Inglourious Basterds | 2009
Quentin Tarantino won’t be drawn on the odd title, though I’m sure the quirky spelling was no hindrance when it came to avoiding copyright issues with the 1977 film, Inglorious Bastards.
‘Once upon a time in occupied France’ gives a clue to the film’s take on reality but, let’s be honest, this audacious fantasy of Jewish revenge on the Third Reich is only fractionally more far-fetched than many Hollywood war movies have been.
The director kicks off with his magpie habit of lifting music from other movies (the theme from John Wayne’s 1960 The Alamo in this case), before launching into a series of suspense sequences heightened by the director’s matchless ear for dialogue.
Though set largely in France, most of the movie was filmed in Germany, at the Babelsberg Studios at Potsdam, southwest of Berlin. Built in 1917 as the UFA (Universum Film Aktien Gesellschaft) Studios, the studio really is where Joseph Goebbels shot his notorious propaganda films for the Führer. Yet before being co-opted for such noxious vehicles as the infamous Jud Süss, Babelsberg was home to such classics of the Twenties and Thirties as Nosferatu, The Cabinet of Dr Caligari, Metropolis and The Blue Angel.
So, first the disappointments. You won’t find ‘La Gamaar’, the cinema run by Shosanna (Mélanie Laurent) in Paris, or indeed, anywhere. It was built – both interior and exterior – in the studio.
The design was inspired by two favourite Los Angeles picture palaces you may be familiar with: the Vista Theater, 4473 Sunset Drive, in East Hollywood (seen in the Tarantino-scripted True Romance) and downtown’s lavish Los Angeles Theatre, 615 South Broadway (which has featured in films as diverse as The Artist, Armageddon, Batman Forever, Chaplin, Charlie’s Angels and Christopher Nolan’s The Prestige). And, just to ensure Babelsberg was preserved for future productions, a duplicate cinema interior was built in an abandoned cement factory to film the final explosive conflagration.
‘La Louisiane’, the basement bar where the meeting with film star Bridget von Hammersmark (Diane Kruger) goes horribly wrong, was also no more than a studio set, as was the interior of the LaPadite farmhouse, in which chillingly polite Colonel Hans Landa (Christoph Waltz) interrogates the hapless farmer. The exterior is a cabin overlooking the village of Sebnitz, just a few miles northeast of Bad Schandau down near the Czech border.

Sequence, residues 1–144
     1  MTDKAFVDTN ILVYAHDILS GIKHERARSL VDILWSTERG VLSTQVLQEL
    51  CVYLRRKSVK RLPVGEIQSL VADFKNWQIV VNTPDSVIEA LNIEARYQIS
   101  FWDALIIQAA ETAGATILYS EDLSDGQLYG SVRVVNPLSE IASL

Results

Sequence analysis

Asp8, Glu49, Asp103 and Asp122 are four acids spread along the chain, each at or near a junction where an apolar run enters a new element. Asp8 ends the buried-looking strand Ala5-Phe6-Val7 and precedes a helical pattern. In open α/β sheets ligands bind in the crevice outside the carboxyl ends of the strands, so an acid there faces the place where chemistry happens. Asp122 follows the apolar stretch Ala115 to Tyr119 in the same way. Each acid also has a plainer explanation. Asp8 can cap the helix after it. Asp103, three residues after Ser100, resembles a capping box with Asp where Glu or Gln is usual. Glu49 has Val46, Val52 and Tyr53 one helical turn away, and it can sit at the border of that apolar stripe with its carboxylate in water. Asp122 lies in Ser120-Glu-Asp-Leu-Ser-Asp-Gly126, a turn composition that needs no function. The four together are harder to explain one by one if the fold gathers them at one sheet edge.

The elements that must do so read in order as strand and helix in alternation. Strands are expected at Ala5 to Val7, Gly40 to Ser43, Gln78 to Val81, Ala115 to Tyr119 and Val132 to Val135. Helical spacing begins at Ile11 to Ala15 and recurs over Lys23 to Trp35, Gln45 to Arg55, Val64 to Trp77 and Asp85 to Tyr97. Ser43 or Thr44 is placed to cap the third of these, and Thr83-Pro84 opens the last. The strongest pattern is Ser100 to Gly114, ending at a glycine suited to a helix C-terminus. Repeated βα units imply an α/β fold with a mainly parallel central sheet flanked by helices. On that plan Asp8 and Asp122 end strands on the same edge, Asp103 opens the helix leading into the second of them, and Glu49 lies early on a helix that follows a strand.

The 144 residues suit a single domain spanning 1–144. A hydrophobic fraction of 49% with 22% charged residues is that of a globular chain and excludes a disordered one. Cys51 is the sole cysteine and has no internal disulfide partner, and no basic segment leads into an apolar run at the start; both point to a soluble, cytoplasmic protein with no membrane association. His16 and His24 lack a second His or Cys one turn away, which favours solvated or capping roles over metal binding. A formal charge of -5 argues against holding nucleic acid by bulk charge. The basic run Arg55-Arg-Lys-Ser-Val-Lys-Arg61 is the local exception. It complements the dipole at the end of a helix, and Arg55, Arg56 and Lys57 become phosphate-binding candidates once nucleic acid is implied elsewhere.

Just outside Berlin itself, the wooded ravine with brick arches where Aldo Raine (Brad Pitt) and the Basterds interrogate Nazis before taking scalps, is Fort Hahneberg, Hahnebergweg 50, west of the city (near to Spandau). The partition of Germany meant that the fort, built in 1888 as a defence for the city but never actually used, lay for decades undisturbed in a strip of no-man’s-land. It’s now been opened up and there are regular guided tours (from April to October).
Hitler's office, where the surviving Private Butz recounts the gory details of his encounter with the Basterds, was shot in the Clay Headquarters Compound of the United States Army in Berlin, at the corner of Clayallee and Saargemuender Strasse in the Dahlem district.
Built for the German Air Force in the late Thirties, the complex was taken over after the war to be used as headquarters of the US Military Government for Germany. When the US army finally vacated the compound, it stood empty, occasionally finding use as a film location (Bryan Singer’s Valkyrie, with Tom Cruise, filmed here). It was recently sold and its future is uncertain.
The one genuine Parisian location in the film is the charming little bistro where Shosanna realises that persistent young soldier Fredrick Zoller (Daniel Brühl) is a national hero. It’s Bistrot La Renaissance, 112 Rue Championnet at Rue du Poteau (metro: Jules Joffrin), north of the city in the 18th Arrondissement. The bar had been noticed by Tarantino in Claude Chabrol’s 1984 drama Le Sangue Des Autres (The Blood of Others) and was found to have remained, amazingly, unchanged. It had featured on screen even before that, in Michel Deville’s wonderfully titled 1974 Le Mouton Enragé, with Jean-Louis Trintignant.
The other Parisian’ location, ‘Chez Maurice’, the restaurant to which Shosanna is summoned to a meeting over strudel with Josef Goebbels, however, is back in Berlin, where it’s quite famous in its own right. It’s Cafe Einstein, Kurfürstenstraße 58, the elegant wood-panelled original which spawned a chain of coffee houses in the city.
Stolz der Nation (Nation’s Pride), the propaganda film about Fredrick Zoller being premiered at La Gamaar for the Nazi top brass, was actually filmed as a seven-minute short by Eli Roth (the director of Hostel, who also wields a mean baseball bat as Donny Donowitz, the ‘Bear Jew’). You can catch the full version (with yet another baby-in-runaway-pram homage to Battleship Potemkin – see Brazil or The Untouchables) on the DVD of Inglourious Basterds.
Set in ‘Sicily’, the film-within-a-film was shot on Untermarkt and Obermarkt in the old town of Görlitz, about 40 miles northeast of Bad Schandau, but on the border with Poland.
The unmodernised streets of Görlitz also served as the backdrop to two more WWII dramas – Stephen Daldry’s 2008 The Reader, with Kate Winslet and Ralph Fiennes, and The Book Thief; as well as standing in for ‘Paris’ in the 2004 version of Around The World In 80 Days and for the fictitious country of ‘Zubrowka’ in Wes Anderson’s The Grand Budapest Hotel.